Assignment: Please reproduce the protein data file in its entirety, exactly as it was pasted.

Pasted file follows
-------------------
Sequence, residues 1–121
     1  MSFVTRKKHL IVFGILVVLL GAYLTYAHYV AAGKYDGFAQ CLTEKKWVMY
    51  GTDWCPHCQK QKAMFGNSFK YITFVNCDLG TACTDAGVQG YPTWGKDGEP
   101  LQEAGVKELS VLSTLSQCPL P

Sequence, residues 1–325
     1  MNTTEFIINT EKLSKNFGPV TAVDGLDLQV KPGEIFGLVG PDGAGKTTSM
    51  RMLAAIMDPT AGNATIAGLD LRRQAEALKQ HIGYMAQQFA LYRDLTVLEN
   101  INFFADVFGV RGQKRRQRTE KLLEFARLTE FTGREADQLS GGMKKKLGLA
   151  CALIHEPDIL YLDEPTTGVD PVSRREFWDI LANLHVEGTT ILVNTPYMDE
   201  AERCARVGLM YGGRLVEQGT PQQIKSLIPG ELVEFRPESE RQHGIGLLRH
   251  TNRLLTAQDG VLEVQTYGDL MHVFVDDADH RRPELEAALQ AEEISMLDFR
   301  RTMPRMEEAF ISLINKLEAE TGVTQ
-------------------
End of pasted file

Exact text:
Sequence, residues 1–121
     1  MSFVTRKKHL IVFGILVVLL GAYLTYAHYV AAGKYDGFAQ CLTEKKWVMY
    51  GTDWCPHCQK QKAMFGNSFK YITFVNCDLG TACTDAGVQG YPTWGKDGEP
   101  LQEAGVKELS VLSTLSQCPL P

Sequence, residues 1–325
     1  MNTTEFIINT EKLSKNFGPV TAVDGLDLQV KPGEIFGLVG PDGAGKTTSM
    51  RMLAAIMDPT AGNATIAGLD LRRQAEALKQ HIGYMAQQFA LYRDLTVLEN
   101  INFFADVFGV RGQKRRQRTE KLLEFARLTE FTGREADQLS GGMKKKLGLA
   151  CALIHEPDIL YLDEPTTGVD PVSRREFWDI LANLHVEGTT ILVNTPYMDE
   201  AERCARVGLM YGGRLVEQGT PQQIKSLIPG ELVEFRPESE RQHGIGLLRH
   251  TNRLLTAQDG VLEVQTYGDL MHVFVDDADH RRPELEAALQ AEEISMLDFR
   301  RTMPRMEEAF ISLINKLEAE TGVTQ